Considerations
Dangerous to enter when it is Beaufort force 5 or more from NE, ENE, E, ESE and SE.Restriction: strong to overwhelming tides in the localityNote: can get overwhelmed by visiting boats during peak periodsNote: could be two hours or more from the main waterwaysNote: harbour fees may be charged



Position and approaches
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Haven position

54° 5.770' N, 006° 15.220' W

At the south end of Warrenpoint Breakwater where a light Fl. G 3s stands.

What is the initial fix?

The following Carlingford Lough Entrance Initial Fix will set up a final approach:
54° 0.100' N, 006° 2.052' W
500 metres due south of Hellyhunter, a south cardinal buoy Q(6) +FL1.15s. From here the line of the entrance’s leading light beacons may be picked up.


What are the key points of the approach?

Offshore details are available in eastern Ireland’s Coastal Overview for Strangford Lough to Dublin Bay Route location.

  • Plan the approach to be at slack water, preferably low water. Tides in the entrance attain rates of up to 5 kn making it virtually impossible for a displacement leisure craft to enter or leave against the tide.

  • Carlingford Lough's entrance channel and the dredged channel to Warrenpoint are both narrow channels where sailing vessels of less than 20 metres in length cannot impede ships in transit.

  • From the entrance follow the well buoyed and lit commercial channel up the length of the inlet.


Not what you need?
Click the 'Next' and 'Previous' buttons to progress through neighbouring havens in a coastal 'clockwise' or 'anti-clockwise' sequence. Below are the ten nearest havens to Warrenpoint for your convenience.
Ten nearest havens by straight line charted distance and bearing:
  1. Omeath - 0.2 miles SSE
  2. Greer’s Quay - 1 miles SSE
  3. Rostrevor - 1.2 miles ESE
  4. Killowen - 1.6 miles ESE
  5. Carlingford Marina - 2.1 miles SE
  6. Carlingford Harbour - 2.5 miles SE
  7. Newry - 3.2 miles NW
  8. Greencastle - 4 miles ESE
  9. Giles Quay - 4.2 miles S
  10. Dundalk - 4.4 miles SW
These havens are ordered by straight line charted distance and bearing, and can be reordered by compass direction or coastal sequence:
  1. Omeath - 0.2 miles SSE
  2. Greer’s Quay - 1 miles SSE
  3. Rostrevor - 1.2 miles ESE
  4. Killowen - 1.6 miles ESE
  5. Carlingford Marina - 2.1 miles SE
  6. Carlingford Harbour - 2.5 miles SE
  7. Newry - 3.2 miles NW
  8. Greencastle - 4 miles ESE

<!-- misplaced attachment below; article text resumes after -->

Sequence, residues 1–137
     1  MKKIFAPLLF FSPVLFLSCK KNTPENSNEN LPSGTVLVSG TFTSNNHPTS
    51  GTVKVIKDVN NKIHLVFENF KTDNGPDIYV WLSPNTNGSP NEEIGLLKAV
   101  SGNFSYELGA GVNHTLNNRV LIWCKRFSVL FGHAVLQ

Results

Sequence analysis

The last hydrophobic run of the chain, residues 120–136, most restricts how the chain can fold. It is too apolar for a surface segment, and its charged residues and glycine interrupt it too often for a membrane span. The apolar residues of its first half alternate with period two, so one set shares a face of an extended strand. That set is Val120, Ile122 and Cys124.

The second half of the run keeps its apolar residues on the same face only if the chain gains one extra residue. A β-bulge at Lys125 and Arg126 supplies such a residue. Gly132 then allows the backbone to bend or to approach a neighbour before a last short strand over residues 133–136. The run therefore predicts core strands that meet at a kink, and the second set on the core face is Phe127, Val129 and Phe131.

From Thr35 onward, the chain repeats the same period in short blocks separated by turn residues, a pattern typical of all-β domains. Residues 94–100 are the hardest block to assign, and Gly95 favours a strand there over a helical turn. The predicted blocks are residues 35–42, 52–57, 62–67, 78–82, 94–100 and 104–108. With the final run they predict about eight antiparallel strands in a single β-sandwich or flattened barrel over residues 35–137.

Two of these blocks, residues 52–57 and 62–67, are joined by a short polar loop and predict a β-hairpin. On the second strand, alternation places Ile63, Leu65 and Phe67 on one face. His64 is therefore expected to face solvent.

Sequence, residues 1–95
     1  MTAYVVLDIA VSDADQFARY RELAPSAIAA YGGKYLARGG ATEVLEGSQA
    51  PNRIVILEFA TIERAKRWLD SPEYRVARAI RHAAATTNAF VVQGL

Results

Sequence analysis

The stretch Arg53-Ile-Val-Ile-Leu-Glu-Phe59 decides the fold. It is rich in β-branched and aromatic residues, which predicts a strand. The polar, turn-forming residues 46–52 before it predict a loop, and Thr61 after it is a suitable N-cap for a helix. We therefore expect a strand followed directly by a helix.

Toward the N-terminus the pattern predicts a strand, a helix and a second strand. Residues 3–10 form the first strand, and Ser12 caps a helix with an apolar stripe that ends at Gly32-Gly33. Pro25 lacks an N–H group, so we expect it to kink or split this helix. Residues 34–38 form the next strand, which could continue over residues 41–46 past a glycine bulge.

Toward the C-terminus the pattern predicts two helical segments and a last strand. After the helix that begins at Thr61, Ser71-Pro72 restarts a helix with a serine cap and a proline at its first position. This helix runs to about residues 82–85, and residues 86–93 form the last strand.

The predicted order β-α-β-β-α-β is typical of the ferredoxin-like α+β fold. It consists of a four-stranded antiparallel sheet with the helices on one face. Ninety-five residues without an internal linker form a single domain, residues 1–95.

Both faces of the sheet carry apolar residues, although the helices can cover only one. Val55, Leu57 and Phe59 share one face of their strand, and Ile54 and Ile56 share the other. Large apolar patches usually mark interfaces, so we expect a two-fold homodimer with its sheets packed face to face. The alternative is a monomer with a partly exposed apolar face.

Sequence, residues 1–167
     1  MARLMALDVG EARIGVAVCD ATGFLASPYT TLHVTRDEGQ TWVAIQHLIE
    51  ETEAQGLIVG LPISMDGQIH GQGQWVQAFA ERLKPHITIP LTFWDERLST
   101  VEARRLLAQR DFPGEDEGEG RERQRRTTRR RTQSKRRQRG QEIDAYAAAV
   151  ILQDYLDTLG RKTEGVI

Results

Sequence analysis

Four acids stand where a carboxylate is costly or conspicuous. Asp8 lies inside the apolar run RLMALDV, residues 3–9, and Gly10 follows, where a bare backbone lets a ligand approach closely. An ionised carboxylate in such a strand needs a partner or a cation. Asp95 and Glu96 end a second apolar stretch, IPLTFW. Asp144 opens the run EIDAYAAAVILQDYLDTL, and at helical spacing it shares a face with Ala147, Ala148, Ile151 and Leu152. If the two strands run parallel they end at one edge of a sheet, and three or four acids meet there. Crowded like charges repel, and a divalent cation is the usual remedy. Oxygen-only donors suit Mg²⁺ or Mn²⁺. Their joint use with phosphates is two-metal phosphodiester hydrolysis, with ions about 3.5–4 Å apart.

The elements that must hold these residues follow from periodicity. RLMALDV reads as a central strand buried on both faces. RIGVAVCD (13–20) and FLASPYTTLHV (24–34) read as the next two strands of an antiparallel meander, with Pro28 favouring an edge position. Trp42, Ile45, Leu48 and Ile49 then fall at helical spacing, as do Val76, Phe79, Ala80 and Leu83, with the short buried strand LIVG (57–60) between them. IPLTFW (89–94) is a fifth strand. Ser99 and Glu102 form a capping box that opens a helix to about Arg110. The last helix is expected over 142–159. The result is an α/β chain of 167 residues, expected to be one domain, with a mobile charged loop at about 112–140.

9. Giles Quay - 4.2 miles S
  10. Dundalk - 4.4 miles SW
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What's the story here?
Warrenpoint
Image: DMull via CC BY 2.0


Warrenpoint, locally known as The Point, is a small commercial town and port with a population approaching 9,000 situated at the northeast side of the entrance to the Newry River. The river enters the sea at the head of Carlingford Lough and its narrow strait separates Northern Ireland from the Republic of Ireland. As such, the sizable town is located in Northern Ireland, presenting a Victorian resort to the head of Carlingford Lough and a large industrial harbour at its western end to the river.

The town offers pontoon berths inside its southeast breakwater and in the Town Dock. The area immediately alongside the pontoon placed against the inner side of the breakwater is dredged to a depth of 1.4 metres LWS. The older part of the harbour has a Town Dock, at the northwest end of the basin, with four to five visitor berths that support 2 metres LWS. This is available to pleasure craft during the summer season and reserved for fishing vessels at other times.


Visiting boats alongside the pontoon inside the breakwater
Image: Tourism NI


It is possible to anchor directly off the end of the breakwater and land at its pontoon. This is a completely protected area although subject to scend from the occasional passing commercial vessel. Vessels that can take to the hard have a wide range of options to dry out in the soft muds. Warrenpoint is ideal for bilge and lifting keel vessels that can take to the ground out of the way of the pontoon and commercial traffic.


Tall Ship exiting past the Town Quay
Image: Daniel Morrison via CC BY 2.0


Berthing arrangement should be made in advance or at the latest when approaching the entrance channel by contacting Warrenpoint Harbour Authority on VHF Ch. 12 [Warrenpoint Harbour Radio] (24 hrs.) or Landline+44 (0)28 417 73381. It is advisable to check that no large ships are about to depart the port as vessels may not pass each other in the confines of the dredged channel.


Carlingford Lough as seen from the northwest above Warrenpoint
Image: Tourism Ireland